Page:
, transportable by ship
Ship
Since the end of the age of sail a ship has been any large buoyant marine vessel. Ships are generally distinguished from boats based on size and cargo or passenger capacity. Ships are used on lakes, seas, and rivers for a variety of activities, such as the transport of people or goods, fishing,...

s, truck
Truck
A truck or lorry is a motor vehicle designed to transport cargo. Trucks vary greatly in size, power, and configuration, with the smallest being mechanically similar to an automobile...

s or train
Train
A train is a connected series of vehicles for rail transport that move along a track to transport cargo or passengers from one place to another place. The track usually consists of two rails, but might also be a monorail or maglev guideway.Propulsion for the train is provided by a separate...

s, and can be delivered door-to-door. In many respects a container is a boxcar without the wheels and underframe.
Even loose loads such as coal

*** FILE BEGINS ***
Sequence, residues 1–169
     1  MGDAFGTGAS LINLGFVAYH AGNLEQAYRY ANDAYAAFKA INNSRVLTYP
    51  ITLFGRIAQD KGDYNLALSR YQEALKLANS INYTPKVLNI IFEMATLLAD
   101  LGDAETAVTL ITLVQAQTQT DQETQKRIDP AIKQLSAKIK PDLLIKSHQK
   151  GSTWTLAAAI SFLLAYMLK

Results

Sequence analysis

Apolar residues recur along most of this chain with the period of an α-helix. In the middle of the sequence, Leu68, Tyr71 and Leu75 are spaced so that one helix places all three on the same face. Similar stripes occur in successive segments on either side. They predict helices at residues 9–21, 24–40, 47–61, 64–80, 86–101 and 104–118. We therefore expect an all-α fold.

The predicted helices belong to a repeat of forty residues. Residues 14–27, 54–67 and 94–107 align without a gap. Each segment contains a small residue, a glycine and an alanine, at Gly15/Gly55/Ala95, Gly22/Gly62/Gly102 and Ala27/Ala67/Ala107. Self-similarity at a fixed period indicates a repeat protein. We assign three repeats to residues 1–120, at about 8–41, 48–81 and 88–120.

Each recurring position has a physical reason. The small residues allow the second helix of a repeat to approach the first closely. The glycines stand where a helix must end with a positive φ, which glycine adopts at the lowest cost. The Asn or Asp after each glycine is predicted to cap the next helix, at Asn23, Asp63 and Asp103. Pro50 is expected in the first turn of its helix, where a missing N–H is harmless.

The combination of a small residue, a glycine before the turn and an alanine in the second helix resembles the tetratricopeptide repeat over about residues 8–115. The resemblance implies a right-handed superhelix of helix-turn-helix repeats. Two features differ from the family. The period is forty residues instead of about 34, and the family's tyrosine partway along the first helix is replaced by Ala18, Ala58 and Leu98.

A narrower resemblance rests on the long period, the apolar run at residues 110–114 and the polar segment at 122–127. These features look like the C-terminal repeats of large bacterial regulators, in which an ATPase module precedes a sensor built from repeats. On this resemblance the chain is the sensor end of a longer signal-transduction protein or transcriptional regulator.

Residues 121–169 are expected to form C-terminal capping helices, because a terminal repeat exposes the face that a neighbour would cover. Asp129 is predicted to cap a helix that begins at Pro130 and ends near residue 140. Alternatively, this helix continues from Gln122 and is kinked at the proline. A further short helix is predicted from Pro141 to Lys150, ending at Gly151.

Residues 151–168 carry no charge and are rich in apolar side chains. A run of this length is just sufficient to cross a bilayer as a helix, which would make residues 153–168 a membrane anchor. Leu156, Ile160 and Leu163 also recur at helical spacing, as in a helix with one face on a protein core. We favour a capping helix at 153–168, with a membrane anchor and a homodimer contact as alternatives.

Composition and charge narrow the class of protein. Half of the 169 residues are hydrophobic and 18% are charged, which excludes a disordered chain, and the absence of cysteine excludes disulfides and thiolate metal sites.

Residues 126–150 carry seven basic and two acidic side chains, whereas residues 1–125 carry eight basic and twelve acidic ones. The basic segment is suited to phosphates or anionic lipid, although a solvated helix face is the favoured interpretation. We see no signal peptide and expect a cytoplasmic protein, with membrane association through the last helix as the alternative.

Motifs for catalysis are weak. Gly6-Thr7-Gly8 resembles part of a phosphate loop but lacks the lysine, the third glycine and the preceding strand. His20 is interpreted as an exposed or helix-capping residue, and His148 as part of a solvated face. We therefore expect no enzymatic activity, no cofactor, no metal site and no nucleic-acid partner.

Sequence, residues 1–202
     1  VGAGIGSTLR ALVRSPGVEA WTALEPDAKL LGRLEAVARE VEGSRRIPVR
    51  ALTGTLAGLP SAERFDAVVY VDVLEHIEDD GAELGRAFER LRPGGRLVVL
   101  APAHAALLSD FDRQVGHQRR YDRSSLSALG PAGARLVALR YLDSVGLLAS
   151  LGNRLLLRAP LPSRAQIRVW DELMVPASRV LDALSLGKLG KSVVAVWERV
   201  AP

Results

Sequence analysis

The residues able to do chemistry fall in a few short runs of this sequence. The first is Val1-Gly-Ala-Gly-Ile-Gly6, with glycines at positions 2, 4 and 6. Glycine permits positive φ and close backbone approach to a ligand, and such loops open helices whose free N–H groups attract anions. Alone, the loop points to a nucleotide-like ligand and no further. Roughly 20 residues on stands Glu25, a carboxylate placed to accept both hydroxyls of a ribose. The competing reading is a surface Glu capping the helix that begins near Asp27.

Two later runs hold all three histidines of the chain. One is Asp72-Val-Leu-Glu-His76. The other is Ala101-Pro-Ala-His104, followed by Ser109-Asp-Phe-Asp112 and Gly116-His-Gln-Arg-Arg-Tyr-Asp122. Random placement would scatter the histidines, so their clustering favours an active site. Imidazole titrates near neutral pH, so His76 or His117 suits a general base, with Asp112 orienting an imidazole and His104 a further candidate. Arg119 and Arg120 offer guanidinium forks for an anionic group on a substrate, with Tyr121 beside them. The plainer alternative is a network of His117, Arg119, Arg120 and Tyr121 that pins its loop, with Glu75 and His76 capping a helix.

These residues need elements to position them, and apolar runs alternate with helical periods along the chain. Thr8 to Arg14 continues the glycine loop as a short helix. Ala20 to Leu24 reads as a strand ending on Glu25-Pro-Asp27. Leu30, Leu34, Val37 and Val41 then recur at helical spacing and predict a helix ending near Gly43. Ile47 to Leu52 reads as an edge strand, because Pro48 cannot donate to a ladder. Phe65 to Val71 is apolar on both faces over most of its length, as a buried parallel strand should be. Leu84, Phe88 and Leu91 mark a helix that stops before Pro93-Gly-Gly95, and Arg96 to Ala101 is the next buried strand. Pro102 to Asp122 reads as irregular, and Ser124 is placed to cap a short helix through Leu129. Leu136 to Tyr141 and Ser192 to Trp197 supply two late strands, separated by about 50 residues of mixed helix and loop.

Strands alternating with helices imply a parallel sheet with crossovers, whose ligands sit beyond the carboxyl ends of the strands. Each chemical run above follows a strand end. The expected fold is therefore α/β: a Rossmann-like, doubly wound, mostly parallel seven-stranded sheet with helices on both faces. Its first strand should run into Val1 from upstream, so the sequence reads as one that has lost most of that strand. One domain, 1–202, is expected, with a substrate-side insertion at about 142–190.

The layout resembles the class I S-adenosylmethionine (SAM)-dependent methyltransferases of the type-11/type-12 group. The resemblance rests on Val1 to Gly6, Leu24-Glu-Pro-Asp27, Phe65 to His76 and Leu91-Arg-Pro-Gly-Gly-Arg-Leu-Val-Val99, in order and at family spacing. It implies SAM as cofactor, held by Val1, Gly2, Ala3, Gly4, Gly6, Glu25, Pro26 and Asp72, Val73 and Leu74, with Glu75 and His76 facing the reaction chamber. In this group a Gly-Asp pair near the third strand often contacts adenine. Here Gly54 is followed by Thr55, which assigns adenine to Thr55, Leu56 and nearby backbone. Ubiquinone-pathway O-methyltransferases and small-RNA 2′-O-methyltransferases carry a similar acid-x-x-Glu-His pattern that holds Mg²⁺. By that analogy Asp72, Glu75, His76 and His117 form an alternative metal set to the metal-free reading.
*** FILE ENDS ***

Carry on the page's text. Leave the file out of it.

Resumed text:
Coal
Coal is a combustible black or brownish-black sedimentary rock usually occurring in rock strata in layers or veins called coal beds or coal seams. The harder forms, such as anthracite coal, can be regarded as metamorphic rock because of later exposure to elevated temperature and pressure...

, grain
GRAIN
GRAIN is a small international non-profit organisation that works to support small farmers and social movements in their struggles for community-controlled and biodiversity-based food systems. Our support takes the form of independent research and analysis, networking at local, regional and...

 and ore can be carried in a boxcar, with boards over the side door openings. In later times grain transport used metal reinforced cardboard which was nailed over the door and could be punctured by a grain auger for unloading. This was more common in earlier days; it was susceptible to losing much loading during the journey, and damaged the boxcar. It was also impossible to mechanically load and unload. Grain can also be transported in boxcars designed specifically for that purpose; specialized equipment and procedures are required to load and unload the cars.